DUBLIN City Council lost €18m on its waste collection service in 2010, with arrears making up a large part of the shortfall, new figures have revealed.
The local authority -- which wants to privatise the sector from December 5 -- spent €17.9m more on collecting rubbish last year than it earned in revenue.
Fine Gael councillor Ruairi McGinley told the Herald the council was "not being paid" by many householders, with arrears standing at €14.2m as of September this year.
"The council has been subsidising waste management but it can't afford to do that anymore," he added. "We are under pressure to reduce costs by €25m next year."
It is estimated that, when waste collection staff are redeployed, the council will save €8m by privatising the service.
"That's a big chunk of (the €25m). It will go towards protecting the other council services," he said.
It is believed some staff -- the ones with 30 years service or more -- want a redundancy package rather than redeployment.
In a report, city officials said overall cost of waste collection came to €44,799,715 last year, an amount that was offset by income of €21,535,000.
The direct cost for the year was €39,481,496, giving a net loss of €17,946,496.
Assistant city manager Seamus Lyons has told councillors the bin collections cannot be made viable and must be sold.
This is despite a majority of councillors calling on the local authority to halt the privatisation. Losses have increased as the number of low-income households qualifying for a fees waiver multiplied during the recession. The council entered into discussions with unions representing staff last May about the plans.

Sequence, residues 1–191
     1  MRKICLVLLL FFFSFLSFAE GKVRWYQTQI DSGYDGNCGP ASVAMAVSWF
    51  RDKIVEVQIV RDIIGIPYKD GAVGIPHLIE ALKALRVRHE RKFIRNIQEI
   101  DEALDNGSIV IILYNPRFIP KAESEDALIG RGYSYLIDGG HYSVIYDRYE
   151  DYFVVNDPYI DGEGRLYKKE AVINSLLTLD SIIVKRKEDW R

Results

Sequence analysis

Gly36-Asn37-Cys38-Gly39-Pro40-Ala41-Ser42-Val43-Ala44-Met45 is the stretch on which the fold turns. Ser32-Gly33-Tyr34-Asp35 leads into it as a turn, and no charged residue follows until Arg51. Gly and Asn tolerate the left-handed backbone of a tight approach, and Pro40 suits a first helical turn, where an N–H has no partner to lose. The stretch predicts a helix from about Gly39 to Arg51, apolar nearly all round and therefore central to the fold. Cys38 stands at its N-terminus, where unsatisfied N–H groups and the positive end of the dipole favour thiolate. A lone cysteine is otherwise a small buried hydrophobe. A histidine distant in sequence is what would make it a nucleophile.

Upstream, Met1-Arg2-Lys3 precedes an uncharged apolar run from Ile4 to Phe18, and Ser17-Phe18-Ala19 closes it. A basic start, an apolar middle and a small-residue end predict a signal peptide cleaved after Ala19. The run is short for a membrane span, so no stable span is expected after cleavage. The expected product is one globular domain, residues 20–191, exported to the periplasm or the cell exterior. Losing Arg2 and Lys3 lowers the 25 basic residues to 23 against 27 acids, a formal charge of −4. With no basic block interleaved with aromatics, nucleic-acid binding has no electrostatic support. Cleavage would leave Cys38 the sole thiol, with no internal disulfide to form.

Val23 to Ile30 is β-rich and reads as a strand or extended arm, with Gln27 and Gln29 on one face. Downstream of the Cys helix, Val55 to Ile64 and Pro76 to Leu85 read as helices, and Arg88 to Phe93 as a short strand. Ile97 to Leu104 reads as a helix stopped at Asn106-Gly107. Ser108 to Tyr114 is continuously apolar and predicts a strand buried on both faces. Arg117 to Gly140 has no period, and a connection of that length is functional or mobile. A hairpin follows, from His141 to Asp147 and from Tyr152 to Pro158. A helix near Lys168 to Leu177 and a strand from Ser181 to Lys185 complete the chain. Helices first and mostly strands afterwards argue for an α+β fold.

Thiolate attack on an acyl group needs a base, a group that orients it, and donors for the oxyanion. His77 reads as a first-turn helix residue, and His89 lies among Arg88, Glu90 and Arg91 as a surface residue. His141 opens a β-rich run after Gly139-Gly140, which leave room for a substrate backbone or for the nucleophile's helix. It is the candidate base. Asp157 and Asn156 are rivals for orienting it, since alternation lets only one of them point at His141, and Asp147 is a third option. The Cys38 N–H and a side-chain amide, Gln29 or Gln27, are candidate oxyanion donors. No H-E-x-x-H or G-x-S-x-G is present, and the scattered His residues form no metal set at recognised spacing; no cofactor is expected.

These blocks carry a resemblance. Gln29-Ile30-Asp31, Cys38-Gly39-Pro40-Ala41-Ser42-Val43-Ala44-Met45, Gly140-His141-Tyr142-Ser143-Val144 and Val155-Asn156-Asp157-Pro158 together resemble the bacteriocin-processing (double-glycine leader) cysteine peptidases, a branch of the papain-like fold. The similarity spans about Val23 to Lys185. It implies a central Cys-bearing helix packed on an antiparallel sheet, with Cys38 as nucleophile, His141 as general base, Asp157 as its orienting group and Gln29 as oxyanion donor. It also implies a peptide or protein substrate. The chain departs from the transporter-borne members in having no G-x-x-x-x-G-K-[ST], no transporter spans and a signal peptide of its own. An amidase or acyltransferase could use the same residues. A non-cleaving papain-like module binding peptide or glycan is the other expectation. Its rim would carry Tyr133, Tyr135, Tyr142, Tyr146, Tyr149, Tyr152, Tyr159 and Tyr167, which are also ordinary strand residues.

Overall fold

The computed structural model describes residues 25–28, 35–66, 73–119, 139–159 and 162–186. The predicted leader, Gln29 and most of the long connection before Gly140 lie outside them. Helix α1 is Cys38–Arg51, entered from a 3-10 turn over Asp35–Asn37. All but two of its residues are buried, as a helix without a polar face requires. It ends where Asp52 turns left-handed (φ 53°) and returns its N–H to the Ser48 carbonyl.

Consultancy company Ampersand was then appointed to carry out a review of the collection service.
Mr Lyons said the resulting document made clear that it was not possible to "make the service viable either within the city council or as a social enterprise operation". It is now planned to have a private operator in place by December 5.
Unions Impact and Siptu have requested the Labour Relations Commission review the council's decision. Concerns have emerged that industrial action may be undertaken by council bin workers if the privatisation goes ahead.
In a reply to Fine Gael's Mary O'Shea, the local authority said the amount due to the city council at the end of September 2011 was €14.2m.
It included bills issued during July for the second quarter of 2011.